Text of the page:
The proposal of a new science wing and its place on the priority list is something that teachers have been encouraging in the past years. Chemistry teacher Duane Knoll has outlined to the CVT, students and fellow teachers fundamental issues that exist in his classroom.

“Our classrooms are too small and are not designed for lab work. When the students are too close then it is hard as a teacher to get from station to station to see what is going on,” Knoll said. “There is a lack of ability to monitor students. The science standards have changed and they are more project-based, but we do not have a place to store or do those kinds of things. We do not even have enough room to store the supplies we have.”

The way that the department is currently spread out in the high school creates issues because teachers from different classes have no room to bring their students together to allow collaboration between classes. Knoll and biology teacher Jerry Epp both agree that a new science wing is the best way to solve issues regarding collaboration.

There are also issues with the physical infrastructure of the lab areas. The electrical and plumbing systems are not up-to-date and cause problems during labs.

“We do not have enough amps to run all of the equipment that we need to run. The lab stations are not set up with individual plumbing,” Epp said. “In my room there are just a couple sinks on the side, it gets really crowded.”

With all of these needs in mind, the CVT and Epp agree that a new science wing is the best option.

“If we want to design a science facility that has all the needs that we currently have, in terms of space, updated infrastructure, this is the best way to go,” Epp said.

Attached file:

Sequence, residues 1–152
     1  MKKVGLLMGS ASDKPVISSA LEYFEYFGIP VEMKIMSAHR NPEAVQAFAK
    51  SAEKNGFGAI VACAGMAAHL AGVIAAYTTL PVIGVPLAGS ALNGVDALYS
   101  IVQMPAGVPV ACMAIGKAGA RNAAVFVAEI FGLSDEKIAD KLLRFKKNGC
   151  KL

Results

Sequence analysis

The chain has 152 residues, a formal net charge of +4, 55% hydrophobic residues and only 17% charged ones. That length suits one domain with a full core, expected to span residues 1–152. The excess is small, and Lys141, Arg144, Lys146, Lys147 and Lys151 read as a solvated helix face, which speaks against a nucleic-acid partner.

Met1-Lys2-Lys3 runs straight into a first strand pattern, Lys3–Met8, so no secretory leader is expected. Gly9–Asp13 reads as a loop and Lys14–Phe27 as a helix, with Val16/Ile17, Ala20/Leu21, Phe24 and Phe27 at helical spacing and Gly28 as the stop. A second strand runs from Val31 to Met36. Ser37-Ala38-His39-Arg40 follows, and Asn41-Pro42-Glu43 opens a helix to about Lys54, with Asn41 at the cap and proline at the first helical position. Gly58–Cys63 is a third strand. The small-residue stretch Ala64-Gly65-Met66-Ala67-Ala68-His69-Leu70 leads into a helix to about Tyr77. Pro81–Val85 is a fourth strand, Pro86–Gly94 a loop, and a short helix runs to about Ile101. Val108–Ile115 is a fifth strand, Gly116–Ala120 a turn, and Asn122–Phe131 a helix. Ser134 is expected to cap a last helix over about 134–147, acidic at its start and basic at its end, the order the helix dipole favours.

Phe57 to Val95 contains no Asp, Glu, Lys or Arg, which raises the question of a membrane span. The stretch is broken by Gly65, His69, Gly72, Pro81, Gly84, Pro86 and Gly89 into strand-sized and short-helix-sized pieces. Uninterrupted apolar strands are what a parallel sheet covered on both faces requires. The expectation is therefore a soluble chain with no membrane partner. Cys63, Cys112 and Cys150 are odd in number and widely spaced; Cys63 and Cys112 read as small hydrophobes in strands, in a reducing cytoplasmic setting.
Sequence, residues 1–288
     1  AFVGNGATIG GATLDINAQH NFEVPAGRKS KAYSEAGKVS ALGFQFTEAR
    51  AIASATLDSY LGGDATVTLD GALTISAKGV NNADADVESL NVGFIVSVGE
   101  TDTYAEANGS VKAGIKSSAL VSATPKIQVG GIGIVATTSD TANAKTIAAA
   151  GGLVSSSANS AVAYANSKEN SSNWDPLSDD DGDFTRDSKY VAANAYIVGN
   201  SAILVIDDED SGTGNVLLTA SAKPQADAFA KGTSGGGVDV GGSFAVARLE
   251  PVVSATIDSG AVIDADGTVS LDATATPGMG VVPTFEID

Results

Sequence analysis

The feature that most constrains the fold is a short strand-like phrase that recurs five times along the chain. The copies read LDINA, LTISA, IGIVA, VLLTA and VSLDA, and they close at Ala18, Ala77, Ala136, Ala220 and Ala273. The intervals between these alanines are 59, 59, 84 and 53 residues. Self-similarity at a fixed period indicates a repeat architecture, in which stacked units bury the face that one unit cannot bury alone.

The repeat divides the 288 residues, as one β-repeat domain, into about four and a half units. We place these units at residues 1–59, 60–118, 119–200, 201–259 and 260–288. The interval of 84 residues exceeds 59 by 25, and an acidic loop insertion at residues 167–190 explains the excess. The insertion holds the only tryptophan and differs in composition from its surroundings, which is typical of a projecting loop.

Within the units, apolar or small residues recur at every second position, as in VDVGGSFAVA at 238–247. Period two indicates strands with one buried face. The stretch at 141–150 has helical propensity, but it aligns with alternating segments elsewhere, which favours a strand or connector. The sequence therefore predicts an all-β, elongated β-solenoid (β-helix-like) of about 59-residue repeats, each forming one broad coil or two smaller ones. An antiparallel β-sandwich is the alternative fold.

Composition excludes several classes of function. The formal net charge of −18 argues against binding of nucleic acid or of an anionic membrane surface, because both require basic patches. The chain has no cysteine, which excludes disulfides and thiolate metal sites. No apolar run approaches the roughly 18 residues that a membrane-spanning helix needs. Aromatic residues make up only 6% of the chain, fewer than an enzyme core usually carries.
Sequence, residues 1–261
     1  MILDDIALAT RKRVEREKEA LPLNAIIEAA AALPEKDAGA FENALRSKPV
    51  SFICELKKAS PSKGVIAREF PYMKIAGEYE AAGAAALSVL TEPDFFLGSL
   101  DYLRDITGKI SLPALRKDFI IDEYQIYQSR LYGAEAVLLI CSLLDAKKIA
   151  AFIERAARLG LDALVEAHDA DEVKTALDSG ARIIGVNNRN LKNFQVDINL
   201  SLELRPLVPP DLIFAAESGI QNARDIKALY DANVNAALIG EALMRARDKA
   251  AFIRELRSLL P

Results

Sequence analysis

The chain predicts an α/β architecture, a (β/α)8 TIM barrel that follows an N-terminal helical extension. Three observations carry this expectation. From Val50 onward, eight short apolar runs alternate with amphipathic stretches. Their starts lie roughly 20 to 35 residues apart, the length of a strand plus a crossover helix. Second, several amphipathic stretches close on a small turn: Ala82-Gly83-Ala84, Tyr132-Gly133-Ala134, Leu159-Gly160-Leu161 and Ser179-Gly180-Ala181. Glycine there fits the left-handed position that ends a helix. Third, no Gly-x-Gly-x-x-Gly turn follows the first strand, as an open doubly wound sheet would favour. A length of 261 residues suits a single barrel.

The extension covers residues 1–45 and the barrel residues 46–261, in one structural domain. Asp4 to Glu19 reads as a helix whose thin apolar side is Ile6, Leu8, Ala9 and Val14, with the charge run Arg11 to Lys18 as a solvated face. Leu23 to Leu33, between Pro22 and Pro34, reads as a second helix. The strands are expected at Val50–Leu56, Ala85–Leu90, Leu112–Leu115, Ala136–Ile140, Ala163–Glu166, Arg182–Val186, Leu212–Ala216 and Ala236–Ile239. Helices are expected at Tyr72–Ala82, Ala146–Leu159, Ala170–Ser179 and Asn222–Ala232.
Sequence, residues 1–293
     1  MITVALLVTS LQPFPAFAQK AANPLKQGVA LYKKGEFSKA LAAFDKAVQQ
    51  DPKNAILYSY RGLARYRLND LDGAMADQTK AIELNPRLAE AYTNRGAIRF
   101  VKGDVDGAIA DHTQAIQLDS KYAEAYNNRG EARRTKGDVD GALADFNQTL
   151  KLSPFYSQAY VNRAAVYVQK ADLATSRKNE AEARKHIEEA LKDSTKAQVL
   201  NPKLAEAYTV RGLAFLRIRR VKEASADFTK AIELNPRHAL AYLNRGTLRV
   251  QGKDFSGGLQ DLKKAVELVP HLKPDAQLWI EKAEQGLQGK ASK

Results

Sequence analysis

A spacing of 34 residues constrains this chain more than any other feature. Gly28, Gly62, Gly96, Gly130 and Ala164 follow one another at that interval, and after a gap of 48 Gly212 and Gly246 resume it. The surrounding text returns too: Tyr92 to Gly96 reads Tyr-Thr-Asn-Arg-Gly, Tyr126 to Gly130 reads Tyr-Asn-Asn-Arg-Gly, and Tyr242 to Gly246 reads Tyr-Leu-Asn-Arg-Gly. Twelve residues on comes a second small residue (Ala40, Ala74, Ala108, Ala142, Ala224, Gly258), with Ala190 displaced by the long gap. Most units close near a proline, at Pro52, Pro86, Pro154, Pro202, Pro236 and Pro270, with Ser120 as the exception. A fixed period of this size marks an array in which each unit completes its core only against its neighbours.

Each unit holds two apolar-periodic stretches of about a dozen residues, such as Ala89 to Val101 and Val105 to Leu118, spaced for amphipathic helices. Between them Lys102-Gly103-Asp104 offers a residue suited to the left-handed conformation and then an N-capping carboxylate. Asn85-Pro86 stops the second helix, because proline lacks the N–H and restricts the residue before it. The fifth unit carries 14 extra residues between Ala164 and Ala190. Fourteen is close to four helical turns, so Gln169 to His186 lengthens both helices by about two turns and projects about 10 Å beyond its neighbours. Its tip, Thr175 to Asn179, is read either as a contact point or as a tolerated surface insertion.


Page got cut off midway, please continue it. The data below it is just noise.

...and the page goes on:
Despite past advocating from fine arts teachers, the department has had minimal updates since the high school was originally built.

“We have had minor things done, like the band got new lockers last year because the old ones were falling apart,” Menninga said. “The doors were not staying on the lockers. I know they replaced the old carpet with tile seven or eight years ago. It is because the old carpet was moldy and gross and unhealthy. Other than that, the fine arts department, including the art classrooms have not been updated.”

The most pressing issue for fine arts is the auditorium. Despite a growing population both in the city and fine arts department, the auditorium has had no updates since it was built over 40 years ago.

“Our auditorium is not large enough to hold the number of audience members that we have at our concerts. We need a larger auditorium space. Not just new seats or lighting,” Menninga said.
In the department, issues have arisen with the Americans with Disabilities Act of 1990. This act dictates that public places, including public high schools, have to meet certain standards so that they are accessible to people with disabilities. Our current auditorium and music classrooms do not meet those standards.

“In the auditorium there is no seating for people who have a wheelchair. The slope of the ramp is too steep so they cannot sit there and there is no other designated space. Also our band room and choir room with the way the levels are, people who cannot get up and down stairs are limited to the top edge of the room,” Menninga said.